The company continued to be the 3rd largest PV company, the 2nd largest CV company and the largest small CV (LCV < 3.5T) company in India. Domestic sales crossed the 5,00,000 mark after a gap of five years. The company achieved its highest ever sales for Scorpio and Pik-Ups this year and Bolero volumes crossed 1 million since launch. Also, in FY2018, the company had recorded its highest ever tractor volumes for both domestic and export, and retained the leadership position for the 35th consecutive year. The group will supply 150 of the 500 electric sedans in the first phase of the government’s order to procure 10,000 electric vehicles. It will manufacture all key components that go into an electric vehicle itself as India’s largest utility vehicle maker prepares for the next transition in the automobile industry amid the government’s push to cut dependence on fossil fuels. For the year FY2018, improvement in overall economic sentiment, two consecutive years of normal monsoon, Government's focus on development of Agri and Rural sectors, with continued investment in infrastructure, coupled with easy availability of affordable finance, helped drive the demand for the automotive as well as the tractor industry. The company's volume growth is on an uptrend led by strong demand for tractors and a cyclical recovery in light commercial vehicles. A pick up in rural economy is likely and this should benefit M&M. Thus, it is expected that the company would see good growth going forward and the stock will see a price target of Rs.1110 in 8 to 10 months time frame on target P/E of 28x and FY19 (E) earnings of Rs.39.65.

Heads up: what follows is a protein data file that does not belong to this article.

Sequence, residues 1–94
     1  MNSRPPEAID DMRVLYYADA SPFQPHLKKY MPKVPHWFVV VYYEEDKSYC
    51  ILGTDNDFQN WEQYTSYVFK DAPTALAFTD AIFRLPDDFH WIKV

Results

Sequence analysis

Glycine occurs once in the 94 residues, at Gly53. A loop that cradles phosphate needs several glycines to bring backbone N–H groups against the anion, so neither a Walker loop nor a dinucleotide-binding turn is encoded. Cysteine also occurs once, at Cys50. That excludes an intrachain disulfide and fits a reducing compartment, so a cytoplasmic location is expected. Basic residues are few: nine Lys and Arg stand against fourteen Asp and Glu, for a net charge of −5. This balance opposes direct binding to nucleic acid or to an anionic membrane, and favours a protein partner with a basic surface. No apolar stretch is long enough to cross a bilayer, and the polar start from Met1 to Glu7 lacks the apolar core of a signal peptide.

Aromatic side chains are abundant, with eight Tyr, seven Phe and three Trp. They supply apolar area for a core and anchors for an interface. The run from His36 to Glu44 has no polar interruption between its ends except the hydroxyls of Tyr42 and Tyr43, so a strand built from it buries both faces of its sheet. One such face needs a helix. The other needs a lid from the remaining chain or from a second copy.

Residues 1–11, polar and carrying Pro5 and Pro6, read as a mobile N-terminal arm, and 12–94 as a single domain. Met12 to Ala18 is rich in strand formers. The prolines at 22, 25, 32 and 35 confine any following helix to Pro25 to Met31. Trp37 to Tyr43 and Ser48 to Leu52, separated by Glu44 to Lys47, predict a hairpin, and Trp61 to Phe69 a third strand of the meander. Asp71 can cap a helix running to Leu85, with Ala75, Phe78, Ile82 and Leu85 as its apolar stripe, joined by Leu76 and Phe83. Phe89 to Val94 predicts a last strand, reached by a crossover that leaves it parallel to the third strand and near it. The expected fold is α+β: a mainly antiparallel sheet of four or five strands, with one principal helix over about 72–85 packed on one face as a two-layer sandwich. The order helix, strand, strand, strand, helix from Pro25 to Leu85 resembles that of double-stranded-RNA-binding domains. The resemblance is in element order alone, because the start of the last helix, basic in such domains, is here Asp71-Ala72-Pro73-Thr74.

Target Rs 470 Muthoot Finance is the largest gold financing company in India in terms of loan portfolio. Headquartered in Kerala, the company is a Systemically Important Non-deposit taking non-banking finance company (NBFC). The consolidated asset under management (AUM) of the company increased at improved pace of 12% yoy to Rs 32154 crore end March 2018. The share of